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Star Democrat: Franchot honors Easton printing business
August 21, 2017
Franchot honors Easton printing business
August 21, 2017
By Josh Bollinger
EASTON — Comptroller Peter Franchot stopped in Easton Friday, Aug. 18, to honor a local family printing business, Bay Imprint.
Franchot gave owners Scott Spector and Brenda Fike, along with Scott's parents who started the business in 1981, Brian and Cherie Spector, comptroller medallions and presented them with an official state citation "in recognition of your commitment to providing first class promotional products to clients in the mid-Atlantic area since 1981, and special appreciation for your industry experience, your contributions to Maryland’s economy, your excellent customer service. Best wishes for continued growth, success and prosperity."
Brian Spector said he started Bay Imprint in the middle of a recession, and his wife Cherie was pregnant with Scott, so "the timing wasn't the greatest."
"But it ended up working out and they (Scott and Brenda) have really grown the business exponentially already and they've done a great job," Brian Spector said.
Fike, whose background is in fine art, said she and Scott were living in Silver Spring and working in Washington, D.C., about five years ago when Scott's dad was getting ready for retirement and to sell the business.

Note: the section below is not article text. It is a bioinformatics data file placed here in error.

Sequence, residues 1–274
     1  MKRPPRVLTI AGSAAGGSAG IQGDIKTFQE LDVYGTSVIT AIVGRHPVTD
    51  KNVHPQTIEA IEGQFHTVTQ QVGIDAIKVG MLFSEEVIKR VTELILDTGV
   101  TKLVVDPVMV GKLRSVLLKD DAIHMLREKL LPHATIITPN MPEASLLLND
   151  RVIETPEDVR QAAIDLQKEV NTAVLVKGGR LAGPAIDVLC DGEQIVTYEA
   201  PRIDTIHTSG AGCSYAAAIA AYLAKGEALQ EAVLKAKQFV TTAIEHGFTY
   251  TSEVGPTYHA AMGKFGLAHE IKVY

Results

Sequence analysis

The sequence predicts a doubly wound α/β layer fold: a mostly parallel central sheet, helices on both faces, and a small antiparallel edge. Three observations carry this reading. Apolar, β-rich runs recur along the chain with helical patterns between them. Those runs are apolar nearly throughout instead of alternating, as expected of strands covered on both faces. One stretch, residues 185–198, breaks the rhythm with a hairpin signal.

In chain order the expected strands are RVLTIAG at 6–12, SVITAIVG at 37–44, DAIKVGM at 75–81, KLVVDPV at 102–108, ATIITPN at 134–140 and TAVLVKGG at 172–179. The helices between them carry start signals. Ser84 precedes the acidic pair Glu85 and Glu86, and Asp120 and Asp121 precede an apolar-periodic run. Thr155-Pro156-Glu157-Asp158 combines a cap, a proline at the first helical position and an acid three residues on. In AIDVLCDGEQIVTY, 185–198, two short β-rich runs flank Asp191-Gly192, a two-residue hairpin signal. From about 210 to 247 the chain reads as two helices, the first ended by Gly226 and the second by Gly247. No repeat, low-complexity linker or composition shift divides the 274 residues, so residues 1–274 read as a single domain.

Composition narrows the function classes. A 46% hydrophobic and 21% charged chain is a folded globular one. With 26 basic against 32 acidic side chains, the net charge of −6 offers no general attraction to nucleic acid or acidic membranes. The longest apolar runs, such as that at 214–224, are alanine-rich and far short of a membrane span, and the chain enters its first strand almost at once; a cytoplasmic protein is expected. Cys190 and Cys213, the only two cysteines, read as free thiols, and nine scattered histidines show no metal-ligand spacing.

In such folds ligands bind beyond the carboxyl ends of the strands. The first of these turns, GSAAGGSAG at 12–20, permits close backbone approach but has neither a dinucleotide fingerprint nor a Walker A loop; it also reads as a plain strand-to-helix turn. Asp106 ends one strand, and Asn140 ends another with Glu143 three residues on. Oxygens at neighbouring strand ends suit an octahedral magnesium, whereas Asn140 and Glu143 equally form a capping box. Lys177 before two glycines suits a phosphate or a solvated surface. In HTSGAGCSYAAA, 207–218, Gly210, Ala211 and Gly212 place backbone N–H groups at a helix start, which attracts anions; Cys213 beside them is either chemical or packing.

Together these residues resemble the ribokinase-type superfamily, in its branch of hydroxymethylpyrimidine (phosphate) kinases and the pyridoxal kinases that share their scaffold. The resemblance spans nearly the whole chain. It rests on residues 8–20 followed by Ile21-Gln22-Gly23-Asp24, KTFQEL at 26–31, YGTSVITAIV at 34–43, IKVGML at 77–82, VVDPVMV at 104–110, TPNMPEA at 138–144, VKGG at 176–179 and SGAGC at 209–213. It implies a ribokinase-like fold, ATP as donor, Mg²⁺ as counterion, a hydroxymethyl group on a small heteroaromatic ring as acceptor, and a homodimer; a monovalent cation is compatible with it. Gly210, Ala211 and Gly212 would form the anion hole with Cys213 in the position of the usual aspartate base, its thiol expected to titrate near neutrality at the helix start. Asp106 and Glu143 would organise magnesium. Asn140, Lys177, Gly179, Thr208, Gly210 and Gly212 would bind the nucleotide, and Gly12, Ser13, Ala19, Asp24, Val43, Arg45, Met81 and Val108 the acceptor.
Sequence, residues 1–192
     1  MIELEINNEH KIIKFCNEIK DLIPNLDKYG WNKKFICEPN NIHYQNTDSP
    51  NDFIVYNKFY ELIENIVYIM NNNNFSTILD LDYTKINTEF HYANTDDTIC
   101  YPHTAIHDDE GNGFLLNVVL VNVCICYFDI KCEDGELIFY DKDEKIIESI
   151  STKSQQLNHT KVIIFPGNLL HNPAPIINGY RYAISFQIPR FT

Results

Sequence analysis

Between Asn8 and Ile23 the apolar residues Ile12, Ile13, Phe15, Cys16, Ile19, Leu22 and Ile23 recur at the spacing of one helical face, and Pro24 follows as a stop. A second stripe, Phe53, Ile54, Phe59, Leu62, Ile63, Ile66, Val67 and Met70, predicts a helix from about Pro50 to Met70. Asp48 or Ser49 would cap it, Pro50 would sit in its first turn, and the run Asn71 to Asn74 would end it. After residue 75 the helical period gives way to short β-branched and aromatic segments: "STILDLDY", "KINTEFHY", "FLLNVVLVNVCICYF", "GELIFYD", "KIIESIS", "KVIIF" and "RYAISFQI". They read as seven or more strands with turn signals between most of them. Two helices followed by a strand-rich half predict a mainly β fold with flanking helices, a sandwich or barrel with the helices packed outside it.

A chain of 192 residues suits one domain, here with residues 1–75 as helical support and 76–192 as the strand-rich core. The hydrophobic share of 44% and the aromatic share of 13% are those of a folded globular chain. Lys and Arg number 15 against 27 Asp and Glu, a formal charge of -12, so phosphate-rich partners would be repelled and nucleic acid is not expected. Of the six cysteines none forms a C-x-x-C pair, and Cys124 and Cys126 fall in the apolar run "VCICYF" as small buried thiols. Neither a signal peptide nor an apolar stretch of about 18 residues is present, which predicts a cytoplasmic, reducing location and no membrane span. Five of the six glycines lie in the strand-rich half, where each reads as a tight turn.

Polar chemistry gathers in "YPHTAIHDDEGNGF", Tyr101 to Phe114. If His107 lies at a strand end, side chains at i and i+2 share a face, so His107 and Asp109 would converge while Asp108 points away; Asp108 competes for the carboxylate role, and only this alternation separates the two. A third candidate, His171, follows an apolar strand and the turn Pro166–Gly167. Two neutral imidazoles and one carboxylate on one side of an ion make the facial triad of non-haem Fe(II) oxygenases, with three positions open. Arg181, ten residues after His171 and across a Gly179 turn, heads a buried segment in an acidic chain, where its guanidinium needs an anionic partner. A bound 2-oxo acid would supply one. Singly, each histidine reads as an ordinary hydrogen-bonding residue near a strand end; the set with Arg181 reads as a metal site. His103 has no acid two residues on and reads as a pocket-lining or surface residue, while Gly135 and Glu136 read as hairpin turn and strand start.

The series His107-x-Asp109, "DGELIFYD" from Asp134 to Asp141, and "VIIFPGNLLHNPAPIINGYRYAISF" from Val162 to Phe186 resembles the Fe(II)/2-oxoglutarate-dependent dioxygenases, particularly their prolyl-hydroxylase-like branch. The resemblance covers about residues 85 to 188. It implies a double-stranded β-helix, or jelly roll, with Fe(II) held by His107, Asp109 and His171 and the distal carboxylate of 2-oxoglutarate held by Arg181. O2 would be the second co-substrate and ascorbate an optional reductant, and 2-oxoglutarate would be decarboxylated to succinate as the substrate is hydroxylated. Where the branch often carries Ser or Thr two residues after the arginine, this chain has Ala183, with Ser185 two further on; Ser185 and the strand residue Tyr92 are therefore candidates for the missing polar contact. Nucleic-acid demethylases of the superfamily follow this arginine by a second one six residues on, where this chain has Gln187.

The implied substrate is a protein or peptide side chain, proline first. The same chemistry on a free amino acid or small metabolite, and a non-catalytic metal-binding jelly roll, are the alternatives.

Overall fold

"We put our house on the market, found a house here, bought the business and move back all just like that because we didn't want the business to leave the family," Scott Spector said.
Despite Brian's retirement, Fike said her in-laws are regularly at the shop and are "a crucial part of the business every day." They have been able to double their staff and the size of the business since the two took over operations.
"It makes me extremely proud of my children," Cherie Spector said of Franchot honoring Bay Imprint. "They have worked very hard since they've taken over this business and they've done exactly what we hoped they would do, they have grown it ... and they enjoy doing it."
Franchot said he has visited about 9,000 businesses in 10 years to get on-the-ground information about the state's economy.
"It's important for statewide officials to be available and accountable and transparent," Franchot said. "You pick up a lot of information just doing these kinds of gatherings and I just spoke to the chamber of commerce down the road, and it’s more helpful to me than people know because you get a real sense of the economy rather than just the data."